This leads to an unexceptable quality product that quite frankly, won’t entice anyone aside from your parents to buy.

As a consultant who helps authors in the selection process of an illustrator and having illustrated books myself, I know first hand that more often than not, you get what you pay for when it comes to professional illustrators.

To receive illustrations of a commercial standard you’re looking upwards of two thousand dollars. The price will be based on an individual quote for your specific book’s needs, so that’s a ballpark starting point. The quote considers such factors as; how many illustrations need to be created, what size they are and the time frame in which you need them by.

Let’s look at an example of a professional mid-range illustrator.
One A5 sized colour illustration might take about four hours to create. An hourly rate might be about thirty dollars and let’s say there’s twenty illustrations to be created.

  • That’s 4 x $30 = $120 per illustration
  • $120 x 20 = $2400 for the completion of your book’s illustrations

This is just an example. Remember, when you contact the illustrator you will give them your notes on what you need and they’ll return a quote for you. They work out the value of their time and expertise in a similar way to the example I have provided above.

For this investment, what should you expect? It’s quite different to the ‘free illustrator’ picture I painted earlier.

  • You’ll form a pleasant, professional relationship with the illustrator
  • They will be receptive of your ideas and discuss what you’d like to see in each picture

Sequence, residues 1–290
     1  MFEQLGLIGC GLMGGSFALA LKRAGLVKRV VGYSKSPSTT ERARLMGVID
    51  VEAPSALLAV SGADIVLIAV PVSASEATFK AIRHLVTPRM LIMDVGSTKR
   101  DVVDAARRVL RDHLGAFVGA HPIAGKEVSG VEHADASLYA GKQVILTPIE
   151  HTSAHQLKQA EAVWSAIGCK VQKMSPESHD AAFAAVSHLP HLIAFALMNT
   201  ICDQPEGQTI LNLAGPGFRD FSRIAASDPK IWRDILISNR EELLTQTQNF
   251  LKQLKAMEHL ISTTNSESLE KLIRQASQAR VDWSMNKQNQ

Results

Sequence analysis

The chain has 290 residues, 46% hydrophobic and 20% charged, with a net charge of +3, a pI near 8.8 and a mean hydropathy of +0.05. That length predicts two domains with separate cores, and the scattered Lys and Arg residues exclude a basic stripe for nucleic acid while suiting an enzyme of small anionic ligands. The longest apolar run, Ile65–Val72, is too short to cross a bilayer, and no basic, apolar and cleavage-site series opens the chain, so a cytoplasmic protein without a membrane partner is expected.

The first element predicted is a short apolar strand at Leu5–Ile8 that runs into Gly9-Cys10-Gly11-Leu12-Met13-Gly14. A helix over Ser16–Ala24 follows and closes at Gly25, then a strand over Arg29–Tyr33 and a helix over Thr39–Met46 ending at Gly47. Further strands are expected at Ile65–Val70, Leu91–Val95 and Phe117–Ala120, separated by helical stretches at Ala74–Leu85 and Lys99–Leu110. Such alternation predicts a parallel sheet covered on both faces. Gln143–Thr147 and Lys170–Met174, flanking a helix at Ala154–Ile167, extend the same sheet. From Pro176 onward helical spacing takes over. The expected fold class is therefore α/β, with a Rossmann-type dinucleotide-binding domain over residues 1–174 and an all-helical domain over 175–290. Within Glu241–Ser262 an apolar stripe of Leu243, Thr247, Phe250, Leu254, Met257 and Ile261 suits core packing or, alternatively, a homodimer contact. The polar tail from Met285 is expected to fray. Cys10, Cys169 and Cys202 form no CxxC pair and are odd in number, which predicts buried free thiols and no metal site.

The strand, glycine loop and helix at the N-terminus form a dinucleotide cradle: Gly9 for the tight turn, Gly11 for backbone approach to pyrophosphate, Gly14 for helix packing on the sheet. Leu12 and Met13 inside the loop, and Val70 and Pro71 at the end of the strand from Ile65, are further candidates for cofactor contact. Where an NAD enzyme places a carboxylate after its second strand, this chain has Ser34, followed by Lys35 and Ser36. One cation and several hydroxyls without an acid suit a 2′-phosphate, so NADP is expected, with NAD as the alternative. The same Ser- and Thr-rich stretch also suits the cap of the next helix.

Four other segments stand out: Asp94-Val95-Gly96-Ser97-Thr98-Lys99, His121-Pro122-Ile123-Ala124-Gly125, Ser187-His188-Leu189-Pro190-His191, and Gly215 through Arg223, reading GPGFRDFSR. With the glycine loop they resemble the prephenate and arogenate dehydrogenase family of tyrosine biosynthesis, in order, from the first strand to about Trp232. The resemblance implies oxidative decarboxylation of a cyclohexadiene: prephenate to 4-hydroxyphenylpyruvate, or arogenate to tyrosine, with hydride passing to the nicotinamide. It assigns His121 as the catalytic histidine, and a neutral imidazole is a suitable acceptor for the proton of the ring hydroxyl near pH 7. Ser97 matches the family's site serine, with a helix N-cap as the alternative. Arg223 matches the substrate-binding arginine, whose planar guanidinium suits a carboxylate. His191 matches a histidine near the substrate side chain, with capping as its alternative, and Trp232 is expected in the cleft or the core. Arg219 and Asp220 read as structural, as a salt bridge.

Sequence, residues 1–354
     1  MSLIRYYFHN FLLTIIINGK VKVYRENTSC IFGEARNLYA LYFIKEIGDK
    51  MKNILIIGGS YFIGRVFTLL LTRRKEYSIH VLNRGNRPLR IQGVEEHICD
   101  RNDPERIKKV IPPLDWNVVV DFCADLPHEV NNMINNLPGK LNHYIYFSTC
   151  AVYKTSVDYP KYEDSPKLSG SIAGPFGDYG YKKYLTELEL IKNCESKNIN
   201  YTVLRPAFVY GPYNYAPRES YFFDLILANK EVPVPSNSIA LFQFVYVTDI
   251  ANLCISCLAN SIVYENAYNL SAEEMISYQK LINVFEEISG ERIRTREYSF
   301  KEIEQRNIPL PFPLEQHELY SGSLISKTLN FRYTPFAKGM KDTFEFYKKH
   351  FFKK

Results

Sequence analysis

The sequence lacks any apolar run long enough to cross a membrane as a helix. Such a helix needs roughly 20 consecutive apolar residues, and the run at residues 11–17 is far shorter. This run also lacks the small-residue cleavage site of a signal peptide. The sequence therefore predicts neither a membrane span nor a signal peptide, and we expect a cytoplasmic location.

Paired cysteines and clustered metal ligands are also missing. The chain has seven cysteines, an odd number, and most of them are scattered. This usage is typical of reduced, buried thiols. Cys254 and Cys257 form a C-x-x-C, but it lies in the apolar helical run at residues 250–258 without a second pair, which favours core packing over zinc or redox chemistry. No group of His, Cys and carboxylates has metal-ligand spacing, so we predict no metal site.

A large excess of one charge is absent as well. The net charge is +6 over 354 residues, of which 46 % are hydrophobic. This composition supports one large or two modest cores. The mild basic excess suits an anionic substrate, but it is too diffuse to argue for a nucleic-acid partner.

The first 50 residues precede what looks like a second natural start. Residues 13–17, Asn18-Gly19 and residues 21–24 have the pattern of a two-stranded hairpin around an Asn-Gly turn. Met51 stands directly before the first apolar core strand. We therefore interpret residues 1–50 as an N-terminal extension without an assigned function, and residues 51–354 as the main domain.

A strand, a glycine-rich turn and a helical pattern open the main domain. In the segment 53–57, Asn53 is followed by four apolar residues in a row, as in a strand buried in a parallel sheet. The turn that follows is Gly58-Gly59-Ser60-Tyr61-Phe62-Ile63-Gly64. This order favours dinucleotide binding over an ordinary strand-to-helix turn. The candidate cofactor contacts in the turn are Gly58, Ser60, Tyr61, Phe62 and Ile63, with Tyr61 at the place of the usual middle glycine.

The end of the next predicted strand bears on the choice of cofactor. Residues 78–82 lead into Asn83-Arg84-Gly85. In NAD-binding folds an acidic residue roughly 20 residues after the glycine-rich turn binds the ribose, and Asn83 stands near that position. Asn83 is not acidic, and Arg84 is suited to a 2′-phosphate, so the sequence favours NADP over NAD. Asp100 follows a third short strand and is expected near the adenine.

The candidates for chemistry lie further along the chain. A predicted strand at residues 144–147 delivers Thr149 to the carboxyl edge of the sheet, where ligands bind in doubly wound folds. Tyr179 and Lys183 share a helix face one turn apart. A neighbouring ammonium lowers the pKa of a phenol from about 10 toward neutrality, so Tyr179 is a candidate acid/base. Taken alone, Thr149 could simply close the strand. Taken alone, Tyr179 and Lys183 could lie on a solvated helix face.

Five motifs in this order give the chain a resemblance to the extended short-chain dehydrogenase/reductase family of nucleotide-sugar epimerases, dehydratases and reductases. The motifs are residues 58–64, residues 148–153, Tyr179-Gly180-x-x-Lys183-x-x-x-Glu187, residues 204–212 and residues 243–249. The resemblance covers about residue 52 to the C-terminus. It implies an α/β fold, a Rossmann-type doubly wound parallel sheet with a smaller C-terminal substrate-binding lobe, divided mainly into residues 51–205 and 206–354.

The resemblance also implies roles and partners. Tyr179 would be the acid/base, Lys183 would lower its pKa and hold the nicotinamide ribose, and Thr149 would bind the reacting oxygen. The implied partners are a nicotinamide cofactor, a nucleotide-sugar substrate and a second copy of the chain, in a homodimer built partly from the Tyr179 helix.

• Clear communication
  • They will finish what is required for your project in a publishable quality
  • You’ll get the completed illustrations you’ve paid for by the deadline required

This leads to a quality product people would be willing to buy and lets face it, the purpose here is to sell the books.

Where to find illustrators

Some good places to start are SCBWI: The Society of Children’s Book Writers & Illustrators and ChildrensIllustrators.com. There are many illustrators out there and as social media becomes more common place, it will be worth while asking friends, family and colleagues for contacts of illustrators they might know or recommend.

So, now that you’ve established a budget and know what is required to complete your book, you’ll set off in search for the right match in an illustrator for your manuscript. Upon deciding on an illustrator you’ll then have a project agreement created between you as the author and your contracted illustrator that details the responsibilities and expectations of you both for the completion of the project.

This leads me into Part 2: Rights, Royalties and the Contract Agreement.

Keep up the hustle!
Anthony

4 Responses to Book Illustrator Hiring Considerations for Self Publishing Authors – Part 1

  1. Fantastic post – I’ve been looking for this information as there is at least one picture book I’m writing that I don’t think a publisher will publish… I look forward to next week.